This example demonstrates that the imageable layers of the present invention may be dispersed on paper instead of a synthetic polymeric binder. Pergascript Turquoise×HNO3 powder (Example 1), was poured onto non-glossy plotter paper Hewlett-Packard, cat. no. 17801P, Falcon, Heights, Minn.). The powder was spread uniformly over the surface using a squeegee. The onset temperature for thermal development was determined according to the procedure of Example 14, and measured at 105° C.

EXAMPLE 39

This example demonstrates that the present invention achieves reduced moisture sensitivity and increased thermal sensitivity compared to the prior art. Solution A was prepared by preparing a 20% PKHH in THF. Solution B was prepared by dissolving 17.3 mg (0.04 mmol) Pergascript™ Turquoise in 6 g. Solution A and adding 0.2 g methanol. Solution C was prepared by dissolving 17.3 mg (0.040 mmol) Pergascript™ Turquoise in 6 g Solution A and adding 0.2 g methanol, 0.04 mmol LiNO3, and 0.04 mmol HCl in 200 mg of solution A. Solution D was prepared by dissolving 20.1 mg (0.04 mmol) Pergascript™ Turquoise mono nitric acid salt in 6 g solution A and adding 0.2 g methanol. Solutions B, C, and D, were coated at 3 mil (0.076 mm) wet thickness onto polyethylene terephthalate film, dried 15 minutes at room temperature, and 5 minutes at 50° C. The coated films were exposed to moisture as indicated in Table 4 and Dmax optical densities were measured following development at 160° C. for 20 seconds.

              TABLE 4______________________________________  Dmax    0 min        120 min   480 min    45% RHa 100% RH   100% RHSolution 20° C.                 60° C.                           60° C.______________________________________B        0.03         0.02      0.00C        0.11         0.06      0.02D        0.51         0.48      0.44______________________________________ a Relative humidity.
EXAMPLE 40

This example demonstrates the improved thermal sensitivies of thermally sensitive compositions of the present invention relative to those of the prior art. The following solutions were prepared:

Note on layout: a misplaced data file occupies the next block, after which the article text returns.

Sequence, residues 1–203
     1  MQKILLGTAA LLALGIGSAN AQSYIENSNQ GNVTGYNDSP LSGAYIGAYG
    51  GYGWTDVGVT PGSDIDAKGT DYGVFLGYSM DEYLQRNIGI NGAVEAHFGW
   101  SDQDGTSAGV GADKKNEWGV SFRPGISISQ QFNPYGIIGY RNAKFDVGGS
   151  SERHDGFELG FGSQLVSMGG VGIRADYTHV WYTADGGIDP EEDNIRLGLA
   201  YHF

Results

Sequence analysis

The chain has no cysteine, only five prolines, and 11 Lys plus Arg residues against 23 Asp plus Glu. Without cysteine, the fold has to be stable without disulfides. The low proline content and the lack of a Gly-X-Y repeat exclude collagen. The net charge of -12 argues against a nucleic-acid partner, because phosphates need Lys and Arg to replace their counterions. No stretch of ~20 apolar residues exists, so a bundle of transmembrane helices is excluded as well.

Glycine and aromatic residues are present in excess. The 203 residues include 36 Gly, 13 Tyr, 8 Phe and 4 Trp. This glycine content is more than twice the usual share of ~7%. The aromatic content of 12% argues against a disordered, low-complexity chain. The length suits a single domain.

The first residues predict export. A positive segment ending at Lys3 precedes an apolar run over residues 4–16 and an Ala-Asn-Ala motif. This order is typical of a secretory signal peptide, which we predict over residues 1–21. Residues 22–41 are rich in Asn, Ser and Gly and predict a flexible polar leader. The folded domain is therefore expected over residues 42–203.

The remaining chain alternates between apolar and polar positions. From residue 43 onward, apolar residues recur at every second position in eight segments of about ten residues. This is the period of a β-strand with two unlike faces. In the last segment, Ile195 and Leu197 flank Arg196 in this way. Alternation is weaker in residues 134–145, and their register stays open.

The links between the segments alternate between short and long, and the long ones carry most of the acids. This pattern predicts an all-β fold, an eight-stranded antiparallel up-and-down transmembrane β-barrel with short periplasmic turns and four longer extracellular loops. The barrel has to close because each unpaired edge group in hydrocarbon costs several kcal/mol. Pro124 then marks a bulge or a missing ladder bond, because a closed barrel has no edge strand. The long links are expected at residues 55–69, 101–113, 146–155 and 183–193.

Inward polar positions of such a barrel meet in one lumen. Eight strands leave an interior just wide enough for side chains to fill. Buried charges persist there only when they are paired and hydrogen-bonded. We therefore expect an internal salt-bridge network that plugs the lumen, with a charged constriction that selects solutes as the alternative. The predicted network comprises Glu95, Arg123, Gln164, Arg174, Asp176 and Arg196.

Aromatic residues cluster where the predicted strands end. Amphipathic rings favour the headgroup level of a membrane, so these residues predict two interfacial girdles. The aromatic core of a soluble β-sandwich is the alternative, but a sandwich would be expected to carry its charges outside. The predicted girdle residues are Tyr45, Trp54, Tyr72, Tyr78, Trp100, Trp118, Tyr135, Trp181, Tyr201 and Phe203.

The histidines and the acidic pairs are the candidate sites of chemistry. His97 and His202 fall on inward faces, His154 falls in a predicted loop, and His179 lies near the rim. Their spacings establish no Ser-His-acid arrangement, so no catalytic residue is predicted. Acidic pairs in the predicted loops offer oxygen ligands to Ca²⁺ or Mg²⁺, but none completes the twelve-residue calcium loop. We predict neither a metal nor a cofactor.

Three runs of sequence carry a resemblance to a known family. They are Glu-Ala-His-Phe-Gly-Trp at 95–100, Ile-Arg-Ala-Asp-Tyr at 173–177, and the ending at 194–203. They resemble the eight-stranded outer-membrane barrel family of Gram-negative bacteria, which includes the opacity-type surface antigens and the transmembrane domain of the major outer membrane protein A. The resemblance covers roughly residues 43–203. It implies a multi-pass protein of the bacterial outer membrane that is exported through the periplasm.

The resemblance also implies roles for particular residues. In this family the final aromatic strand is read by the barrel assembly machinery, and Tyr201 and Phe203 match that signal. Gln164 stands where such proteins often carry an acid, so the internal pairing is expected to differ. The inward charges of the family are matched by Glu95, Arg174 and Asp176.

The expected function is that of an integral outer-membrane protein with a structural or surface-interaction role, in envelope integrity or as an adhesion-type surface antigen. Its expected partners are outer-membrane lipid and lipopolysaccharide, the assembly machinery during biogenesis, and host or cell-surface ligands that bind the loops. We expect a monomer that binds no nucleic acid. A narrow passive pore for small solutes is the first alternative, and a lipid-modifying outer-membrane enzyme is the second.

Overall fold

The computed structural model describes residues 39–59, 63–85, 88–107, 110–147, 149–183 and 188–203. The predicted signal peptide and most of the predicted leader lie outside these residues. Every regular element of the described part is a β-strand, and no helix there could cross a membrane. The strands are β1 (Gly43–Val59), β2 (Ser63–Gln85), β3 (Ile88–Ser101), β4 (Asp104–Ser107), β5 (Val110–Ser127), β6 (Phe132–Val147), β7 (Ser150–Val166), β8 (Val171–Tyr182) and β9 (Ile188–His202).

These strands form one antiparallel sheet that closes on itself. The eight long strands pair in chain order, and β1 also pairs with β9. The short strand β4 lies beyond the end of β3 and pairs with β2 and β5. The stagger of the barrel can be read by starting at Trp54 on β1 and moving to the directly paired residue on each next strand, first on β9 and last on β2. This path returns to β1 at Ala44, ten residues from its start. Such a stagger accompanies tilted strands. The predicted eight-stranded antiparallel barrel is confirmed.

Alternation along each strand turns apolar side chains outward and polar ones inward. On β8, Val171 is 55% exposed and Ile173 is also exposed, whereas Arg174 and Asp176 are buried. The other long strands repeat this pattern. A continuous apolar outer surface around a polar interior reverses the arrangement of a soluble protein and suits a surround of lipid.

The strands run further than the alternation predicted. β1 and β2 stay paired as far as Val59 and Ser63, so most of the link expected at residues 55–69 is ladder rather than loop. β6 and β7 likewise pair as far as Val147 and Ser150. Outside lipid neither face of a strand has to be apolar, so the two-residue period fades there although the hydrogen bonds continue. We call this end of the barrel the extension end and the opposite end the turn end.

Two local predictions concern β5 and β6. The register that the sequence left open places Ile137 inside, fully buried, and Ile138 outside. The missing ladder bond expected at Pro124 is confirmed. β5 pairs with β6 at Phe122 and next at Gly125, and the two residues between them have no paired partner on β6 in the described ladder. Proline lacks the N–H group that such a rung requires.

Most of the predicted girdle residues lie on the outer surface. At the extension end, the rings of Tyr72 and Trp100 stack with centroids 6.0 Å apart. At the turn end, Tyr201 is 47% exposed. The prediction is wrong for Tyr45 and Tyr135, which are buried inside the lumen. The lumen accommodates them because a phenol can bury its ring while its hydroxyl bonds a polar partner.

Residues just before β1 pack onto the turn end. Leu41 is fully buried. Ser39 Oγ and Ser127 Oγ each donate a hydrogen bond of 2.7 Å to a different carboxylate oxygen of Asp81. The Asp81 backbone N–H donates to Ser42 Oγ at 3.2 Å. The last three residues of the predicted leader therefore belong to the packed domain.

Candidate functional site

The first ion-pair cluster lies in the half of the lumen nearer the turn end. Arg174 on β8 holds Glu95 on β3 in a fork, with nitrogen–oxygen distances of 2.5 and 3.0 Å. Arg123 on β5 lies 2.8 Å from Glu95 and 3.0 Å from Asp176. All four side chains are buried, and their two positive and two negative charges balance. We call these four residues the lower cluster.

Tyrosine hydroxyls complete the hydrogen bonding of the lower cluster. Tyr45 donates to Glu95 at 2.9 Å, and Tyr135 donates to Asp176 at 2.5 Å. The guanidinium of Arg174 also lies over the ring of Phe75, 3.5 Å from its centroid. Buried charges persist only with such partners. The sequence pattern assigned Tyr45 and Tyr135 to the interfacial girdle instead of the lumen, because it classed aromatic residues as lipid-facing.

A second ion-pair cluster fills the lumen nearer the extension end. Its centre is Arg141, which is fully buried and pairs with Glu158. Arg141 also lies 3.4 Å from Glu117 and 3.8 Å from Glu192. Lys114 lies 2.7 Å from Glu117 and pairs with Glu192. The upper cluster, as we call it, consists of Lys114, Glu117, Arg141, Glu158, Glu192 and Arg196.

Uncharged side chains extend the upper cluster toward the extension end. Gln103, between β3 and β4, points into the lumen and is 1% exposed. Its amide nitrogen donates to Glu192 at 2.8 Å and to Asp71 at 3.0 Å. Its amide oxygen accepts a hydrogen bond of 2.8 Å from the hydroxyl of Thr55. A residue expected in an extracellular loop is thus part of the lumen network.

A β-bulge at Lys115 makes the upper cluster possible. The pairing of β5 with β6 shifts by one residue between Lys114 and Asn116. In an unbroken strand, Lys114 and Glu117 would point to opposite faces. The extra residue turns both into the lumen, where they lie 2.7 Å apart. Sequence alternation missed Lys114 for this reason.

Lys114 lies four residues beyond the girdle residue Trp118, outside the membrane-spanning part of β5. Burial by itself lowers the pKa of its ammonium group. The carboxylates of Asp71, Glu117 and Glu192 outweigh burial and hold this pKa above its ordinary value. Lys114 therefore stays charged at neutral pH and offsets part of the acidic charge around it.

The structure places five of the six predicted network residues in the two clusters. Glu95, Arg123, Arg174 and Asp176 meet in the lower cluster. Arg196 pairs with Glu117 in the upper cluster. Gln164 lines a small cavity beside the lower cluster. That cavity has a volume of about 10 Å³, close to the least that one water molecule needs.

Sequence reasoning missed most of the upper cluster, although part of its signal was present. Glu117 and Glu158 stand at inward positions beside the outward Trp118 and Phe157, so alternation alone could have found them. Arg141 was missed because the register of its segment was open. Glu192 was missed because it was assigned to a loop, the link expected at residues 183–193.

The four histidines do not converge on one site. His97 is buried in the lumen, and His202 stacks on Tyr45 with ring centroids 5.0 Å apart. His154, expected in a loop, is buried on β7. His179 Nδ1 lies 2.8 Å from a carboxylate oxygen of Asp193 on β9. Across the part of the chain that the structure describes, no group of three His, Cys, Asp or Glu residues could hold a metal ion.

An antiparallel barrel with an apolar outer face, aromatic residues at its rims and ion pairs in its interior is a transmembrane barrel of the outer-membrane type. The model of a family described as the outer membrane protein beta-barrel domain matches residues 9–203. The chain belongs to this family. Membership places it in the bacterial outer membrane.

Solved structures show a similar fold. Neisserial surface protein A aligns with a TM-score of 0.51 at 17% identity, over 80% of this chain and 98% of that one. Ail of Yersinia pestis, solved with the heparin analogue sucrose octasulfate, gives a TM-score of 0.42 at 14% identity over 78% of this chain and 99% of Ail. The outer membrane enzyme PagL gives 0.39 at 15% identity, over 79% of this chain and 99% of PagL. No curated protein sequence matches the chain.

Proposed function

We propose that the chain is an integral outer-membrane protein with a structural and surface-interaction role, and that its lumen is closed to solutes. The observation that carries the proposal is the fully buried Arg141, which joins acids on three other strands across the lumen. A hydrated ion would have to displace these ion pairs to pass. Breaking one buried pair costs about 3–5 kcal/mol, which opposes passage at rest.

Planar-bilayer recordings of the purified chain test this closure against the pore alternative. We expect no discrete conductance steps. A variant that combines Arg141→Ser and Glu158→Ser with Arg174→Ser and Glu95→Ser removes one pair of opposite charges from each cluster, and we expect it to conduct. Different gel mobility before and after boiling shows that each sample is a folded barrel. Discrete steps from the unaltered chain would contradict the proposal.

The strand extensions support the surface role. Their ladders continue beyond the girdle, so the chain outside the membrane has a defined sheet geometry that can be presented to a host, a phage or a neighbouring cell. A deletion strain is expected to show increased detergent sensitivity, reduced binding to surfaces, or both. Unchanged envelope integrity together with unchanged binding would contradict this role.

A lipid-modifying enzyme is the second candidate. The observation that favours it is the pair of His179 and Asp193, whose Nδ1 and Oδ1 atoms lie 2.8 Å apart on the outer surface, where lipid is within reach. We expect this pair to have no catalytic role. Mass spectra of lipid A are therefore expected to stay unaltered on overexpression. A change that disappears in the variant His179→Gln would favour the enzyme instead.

Solution E: 15 wt % nitrocellulose, 0.33 wt % Pergascript™ Turquoise mono nitric acid salt, in THF.

Solution F: 15 wt % nitrocellulose, 0.30 wt % Pergascript™ Turquoise, 3.0 wt % of a methanol solution containing 3.0 mg magnesium nitrate and 0.9 mg succinic acid per gram of methanol, in THF.

Solution G: 15 wt % Butvar™ B-76, 0.33 wt % Pergascript Turquoise mono nitric acid salt, in THF.

Solution H: 15 wt % Butvar B-76™, 0.30 wt % Pergascript Turquoise, 3.0 wt % of a methanol solution containing 3.0 mg magnesium nitrate and 0.9 mg succinic acid per gram of methanol, in THF.

The solutions were independently coated at 4 mil (0.1 mm) wet thickness onto polyethylene terephthalate film, dried 15 minutes at room temperature, then dried 5 minutes at 50° C. The results are summarized in Table 5.

              TABLE 5______________________________________        DevelopmentSolution     Temperature (°C.)                      Dmax______________________________________E             98           0.56F            >180          0.03G            102           0.52H            140           0.58______________________________________

The invention has been described in detail with particular reference to preferred embodiments thereof, but it will be understood that variations and modifications can be effected within the spirit and scope of the invention.

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Referenced by
Citing PatentFiling datePublication dateApplicantTitle
US5441850 *Apr 25, 1994Aug 15, 1995Polaroid CorporationImaging medium and process for producing an image
US5631118 *Apr 28, 1995May 20, 1997Polaroid CorporationImaging medium
US6015907 *Nov 26, 1997Jan 18, 2000Polaroid CorporationTrisubstituted pyridine dyes
US8411120May 1, 2009Apr 2, 20133M Innovative Properties CompanyGeneration of color images
US9045654May 4, 2009Jun 2, 20153M Innovative Properties CompanyMultilayer articles capable of forming color images
US20110063392 *May 1, 2009Mar 17, 2011Pingfan WuGeneration of color images
US20110121557 *May 4, 2009May 26, 2011Pingfan WuMultilayer articles capable of forming color images
Classifications
U.S. Classification430/338, 430/344, 430/341, 430/343, 430/336, 430/339
International ClassificationB41M5/323
Cooperative ClassificationB41M5/323
European ClassificationB41M5/323